12 January - 20 June 2016

Mouse study finds a diet high in fibre can reduce severe peanut allergies

A mouse study published in Cell Reports has indicated that eating a diet high in fibre can actually shape the immune system to reduce allergies to substances such as peanuts.

A mouse study published in Cell Reports has indicated that eating a diet high in fibre can actually shape the immune system to reduce allergies to substances such as peanuts. 

Macia et al. report that food allergy develops following loss of oral tolerance.  However the exact mechanisms are unclear.  A number of explanations for increased incidence of food allergies have been proposed including diet and gut microbiome.

In the study, mice that were allergic to peanuts were fed either a high fibre diet (HF - 35% crude fibre) or a diet which lacked fibre or starch (ZF).  The HF mice compared to the ZF are reported to have had a similar amount of CD103 dendritic cells but a significantly higher proportion of CD103+ DC in the mesenteric lymph node. CD103 DC are present in large amount in the small intestine and migrate to the mesenteric lymph node to initiate oral intolerance.  CD103+ DCs are involved in the process of enhancing antigen-specific Treg cells (cells that suppress the immune response).   Macia et al. then examined whether this CD103+ DC effect could increase tolerance.  The scientists subjected the two groups of mice, HF and ZF, to multiple challenges with peanut extract. The antigen challenged mice had a greater proportion CD103+ DCs as well as an increase amount of Treg cells which express higher amounts of CCR9, suggesting that this was due to DCs themselves. Using a model of peanut allergy the scientists report that the HF diet reduced symptoms of anaphylaxis.  These mice also had lower levels of serum IgE (antibodies produced by the immune system) when compared to the ZF mice. 

Macia et al. report that RALDH2 which is an enzyme produced by CD103+ DC “converts vitamin A to retinoic acid, which promotes the differentiation of naive T cells into Treg cells.”  The team investigated whether tolerance from a HF diet depended on vitamin A metabolism.  A control group of mice were fed a standard diet for 12 weeks and then given a HF diet and a group of mice given a vitamin A deficient diet for 12 week (VAD) and then given a vitamin A deficient HF diet (VAD-HF).  Compared to the control, VAD diet and VAD-HF, the HF diet showed greater RALDH activity.  Mice fed on the VAD-HF, control and VAD diet showed significantly greater symptoms of anaphylaxis and total serum levels.  However although there were different amounts of CD103+ DCs between the HF and VAD-HFmice, both had greater number of Treg cells compared to the mice fed a control or VAD diet, which the authors indicate shows that “Treg cell induction by HF occurred independently of CD103+ cells.”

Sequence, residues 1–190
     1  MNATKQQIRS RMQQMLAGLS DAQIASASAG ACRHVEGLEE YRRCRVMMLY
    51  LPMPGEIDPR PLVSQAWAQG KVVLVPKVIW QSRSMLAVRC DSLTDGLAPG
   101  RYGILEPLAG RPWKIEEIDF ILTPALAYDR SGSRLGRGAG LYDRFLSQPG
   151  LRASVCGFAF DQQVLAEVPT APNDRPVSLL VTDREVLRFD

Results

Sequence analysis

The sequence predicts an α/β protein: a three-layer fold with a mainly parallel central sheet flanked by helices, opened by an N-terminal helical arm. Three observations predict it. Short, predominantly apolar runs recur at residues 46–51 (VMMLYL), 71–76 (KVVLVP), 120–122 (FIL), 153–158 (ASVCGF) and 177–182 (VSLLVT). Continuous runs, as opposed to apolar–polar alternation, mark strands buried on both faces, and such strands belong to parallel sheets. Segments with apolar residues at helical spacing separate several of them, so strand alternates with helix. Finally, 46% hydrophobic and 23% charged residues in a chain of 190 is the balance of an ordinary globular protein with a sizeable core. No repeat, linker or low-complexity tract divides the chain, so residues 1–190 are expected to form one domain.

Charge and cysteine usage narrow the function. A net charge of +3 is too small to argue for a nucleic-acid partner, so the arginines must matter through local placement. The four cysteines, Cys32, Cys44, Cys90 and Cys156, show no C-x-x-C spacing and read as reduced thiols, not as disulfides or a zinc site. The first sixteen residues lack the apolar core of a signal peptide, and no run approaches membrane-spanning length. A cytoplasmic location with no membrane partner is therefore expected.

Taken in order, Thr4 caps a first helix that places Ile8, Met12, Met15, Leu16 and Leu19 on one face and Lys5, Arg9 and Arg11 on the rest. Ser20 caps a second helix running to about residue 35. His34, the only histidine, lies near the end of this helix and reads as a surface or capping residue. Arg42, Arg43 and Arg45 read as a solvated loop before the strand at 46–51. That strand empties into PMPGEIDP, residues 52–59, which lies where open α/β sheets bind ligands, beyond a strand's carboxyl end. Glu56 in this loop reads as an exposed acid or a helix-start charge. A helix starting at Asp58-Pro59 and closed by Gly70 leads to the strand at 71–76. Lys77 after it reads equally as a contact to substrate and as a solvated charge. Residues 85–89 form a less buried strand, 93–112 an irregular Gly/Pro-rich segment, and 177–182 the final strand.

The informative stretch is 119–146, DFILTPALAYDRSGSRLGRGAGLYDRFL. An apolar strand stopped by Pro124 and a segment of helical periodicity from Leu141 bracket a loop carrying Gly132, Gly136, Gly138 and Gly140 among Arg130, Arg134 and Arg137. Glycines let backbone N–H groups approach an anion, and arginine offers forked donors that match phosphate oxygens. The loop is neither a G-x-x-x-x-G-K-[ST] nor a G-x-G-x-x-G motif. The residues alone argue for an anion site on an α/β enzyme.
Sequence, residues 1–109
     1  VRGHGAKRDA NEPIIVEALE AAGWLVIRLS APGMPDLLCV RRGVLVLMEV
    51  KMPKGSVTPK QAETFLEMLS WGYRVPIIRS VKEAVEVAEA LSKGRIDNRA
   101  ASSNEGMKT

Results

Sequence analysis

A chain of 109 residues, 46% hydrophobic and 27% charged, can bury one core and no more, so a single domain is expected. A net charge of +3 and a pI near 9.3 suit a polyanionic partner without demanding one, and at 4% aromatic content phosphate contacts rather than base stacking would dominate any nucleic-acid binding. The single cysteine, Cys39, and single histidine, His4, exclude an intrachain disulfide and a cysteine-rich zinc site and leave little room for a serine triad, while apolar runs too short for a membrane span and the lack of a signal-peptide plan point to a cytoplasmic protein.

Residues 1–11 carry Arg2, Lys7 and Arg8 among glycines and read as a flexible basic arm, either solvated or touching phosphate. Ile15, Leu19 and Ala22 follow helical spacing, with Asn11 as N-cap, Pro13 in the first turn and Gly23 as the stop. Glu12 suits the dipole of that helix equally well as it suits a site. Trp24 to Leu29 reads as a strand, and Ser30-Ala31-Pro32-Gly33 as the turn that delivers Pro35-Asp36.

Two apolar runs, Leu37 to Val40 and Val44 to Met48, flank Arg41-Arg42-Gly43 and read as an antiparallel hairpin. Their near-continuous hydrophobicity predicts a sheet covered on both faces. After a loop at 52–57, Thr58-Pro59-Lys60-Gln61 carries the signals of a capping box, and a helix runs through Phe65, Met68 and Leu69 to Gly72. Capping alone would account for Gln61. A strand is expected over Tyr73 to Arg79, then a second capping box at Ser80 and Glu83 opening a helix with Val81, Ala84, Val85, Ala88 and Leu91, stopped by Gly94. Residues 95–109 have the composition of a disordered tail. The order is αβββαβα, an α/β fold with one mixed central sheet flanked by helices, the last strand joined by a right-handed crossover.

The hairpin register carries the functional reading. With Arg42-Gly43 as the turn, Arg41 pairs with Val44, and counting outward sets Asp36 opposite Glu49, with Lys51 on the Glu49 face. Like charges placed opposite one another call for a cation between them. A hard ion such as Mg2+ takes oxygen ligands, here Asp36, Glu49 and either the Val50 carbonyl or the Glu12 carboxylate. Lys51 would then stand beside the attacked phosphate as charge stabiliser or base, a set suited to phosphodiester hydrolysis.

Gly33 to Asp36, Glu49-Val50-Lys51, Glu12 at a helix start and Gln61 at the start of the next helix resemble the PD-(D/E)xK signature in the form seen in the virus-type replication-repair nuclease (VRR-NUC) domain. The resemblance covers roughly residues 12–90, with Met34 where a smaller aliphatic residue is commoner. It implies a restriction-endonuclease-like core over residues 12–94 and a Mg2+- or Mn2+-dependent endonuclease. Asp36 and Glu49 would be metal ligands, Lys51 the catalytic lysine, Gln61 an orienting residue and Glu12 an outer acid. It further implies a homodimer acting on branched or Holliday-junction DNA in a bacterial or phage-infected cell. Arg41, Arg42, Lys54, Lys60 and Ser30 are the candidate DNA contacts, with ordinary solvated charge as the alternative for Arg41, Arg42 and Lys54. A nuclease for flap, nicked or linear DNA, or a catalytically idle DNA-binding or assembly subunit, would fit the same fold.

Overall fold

To confirm that changes in microbiota composition due to the HF diet bacteria could be responsible for the increase in IgA, bacteria from the guts of HF diet mice were given to a group of “germ-free” mice that had no gut microbe of their own.  The second group were then found to have increased levels of IgA despite not consuming a HF diet.  The authors also found that the second group of mice were protected against allergy showing a less severe response. The authors state that the microbiota was reshaped. 

The scientists state “the microbiota in the gut aided the immune system in resisting allergies by breaking down the fibre into short-chain fatty acids (SFA).  SFA’s have a strengthening effect on dendritic cells which go on to determine whether an allergic response is initiated.” They suggest that low levels of vitamin A and SFA’s could increase food allergies in infant and may explain why the highest incidence of allergies occurs in children and infants.

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